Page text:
Politics

Wanda Thomas Bernard on her first weeks as a Canadian Senator

Bernard hopes to advance African-Canadian issues on Senate

Sen. Wanda Thomas Bernard is one of two Nova Scotians appointed to the Senate last month.   Rob Csernyik

Wanda Thomas Bernard is already figuring out causes she would like to champion as a Canadian Senator.

Last month, Bernard, a professor of social work at Dalhousie University, was one of 21 new senators appointed by the Governor General of Canada on the recommendation of Prime Minister Justin Trudeau. More than 2,700 people applied following a call for applications. Daniel Christmas, senior adviser for the Mi’kmaq First Nation of Membertou, was also selected to represent Nova Scotia.

There has been a lot of excitement among Bernard’s family, friends and work colleagues —especially from those in her home community of East Preston.

“I think part of the excitement is that it’s a merit-based appointment; it’s not a political appointment … so that community owns it, claims it and affirms it,” says Bernard. “And the fact that I was appointed because of my work, there’s that extra layer of excitement.”

There have been no big surprises so far for Bernard, but she says something stood out to her during Senate orientation: “The lack of visibility around the distinct place of African-Canadians.”

The orientation covered the history of the Senate, including the first Indigenous person and first woman to be appointed to the Senate, as well as information on the Persons case, which opened senate nominations to women in the late 1920’s.

But Bernard knew something was still missing from the presentation.

“So I’m waiting to hear about the first person of African descent who was appointed to Senate and it wasn’t there,” Bernard says. “So I took the opportunity to raise that.”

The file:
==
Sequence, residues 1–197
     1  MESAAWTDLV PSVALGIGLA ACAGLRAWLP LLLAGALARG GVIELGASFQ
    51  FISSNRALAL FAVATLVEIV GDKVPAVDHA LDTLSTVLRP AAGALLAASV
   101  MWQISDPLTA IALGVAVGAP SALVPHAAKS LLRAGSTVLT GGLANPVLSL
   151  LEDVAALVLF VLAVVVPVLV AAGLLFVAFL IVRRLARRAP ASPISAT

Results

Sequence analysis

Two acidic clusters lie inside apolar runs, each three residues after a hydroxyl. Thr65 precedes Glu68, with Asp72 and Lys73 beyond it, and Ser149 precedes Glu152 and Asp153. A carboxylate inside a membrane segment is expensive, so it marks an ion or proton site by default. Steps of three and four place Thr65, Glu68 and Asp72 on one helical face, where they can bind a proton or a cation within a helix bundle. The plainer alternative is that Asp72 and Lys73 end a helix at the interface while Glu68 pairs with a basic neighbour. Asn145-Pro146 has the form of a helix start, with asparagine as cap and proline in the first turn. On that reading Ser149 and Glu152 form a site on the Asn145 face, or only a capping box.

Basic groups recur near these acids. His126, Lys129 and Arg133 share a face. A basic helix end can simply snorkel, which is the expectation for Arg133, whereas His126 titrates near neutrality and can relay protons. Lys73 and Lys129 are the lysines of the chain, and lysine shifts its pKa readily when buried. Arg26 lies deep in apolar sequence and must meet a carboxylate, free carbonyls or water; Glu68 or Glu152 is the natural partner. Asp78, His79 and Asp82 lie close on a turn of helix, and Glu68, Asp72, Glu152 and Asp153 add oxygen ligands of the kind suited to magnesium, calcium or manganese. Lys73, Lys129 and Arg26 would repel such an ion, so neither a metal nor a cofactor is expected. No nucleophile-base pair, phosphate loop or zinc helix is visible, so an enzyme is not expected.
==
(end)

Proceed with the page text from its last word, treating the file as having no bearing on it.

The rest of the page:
In 1984 Sen. Anne Cools, who still sits on the Senate, was the first black senator appointed in Canada.

“This is very recent history,” says Bernard, “And I think that’s a history that needs to be firmly included when you’re doing the history of the Senate.”

While Bernard isn’t sure what specific work she’ll do as a senator, there are topics she hopes to address.

The number of shootings of young black men in Halifax has been called a public health issue by the African United Baptist Association. As an academic, Bernard has done extensive research on black men, the violence of racism and the criminal justice system.

“I think that’s an issue that ought to have some national attention,” she says.

The place of African Canadians in Canadian history is “pretty invisible” according to Bernard, so she would like to bring more attention to that issue as well.

Bernard also has an interest in social justice issues and women’s rights issues. She says she’d like to be part of the Senate’s human rights committee.

“She brings a much needed perspective to the Senate and I am sure she will make a valuable contribution to the institution,” Nova Scotia Sen. Jim Cowan said in an email. “She has been an effective advocate for a number of important causes during her career and the Senate will afford her a platform to continue that work.”

As a Senator, Bernard commutes between Nova Scotia and Ottawa weekly. A senator’s primary residence is required to be in the province they represent.

Though this makes for a busy schedule, Bernard says she is “very committed” to her work at Dalhousie and will continue to teach for the rest of the academic year. She plans to take early retirement at the end of July. She’d like to continue to have some association with Dalhousie, if it’s approved by the Senate ethics commissioner.

For Bernard, one of the most gratifying things about her appointment is being able to share the excitement with her grandsons. She says that although they’re too young to fully understand what’s going on, they have a sense that it’s important. They were among her guests at Parliament Hill during the swearing in ceremony Nov. 15 and 16.

“For the next week, everyone that I talked to talked about my grandsons and how proud they seemed to be,” Bernard says. “They’re five and seven … what a legacy for them.”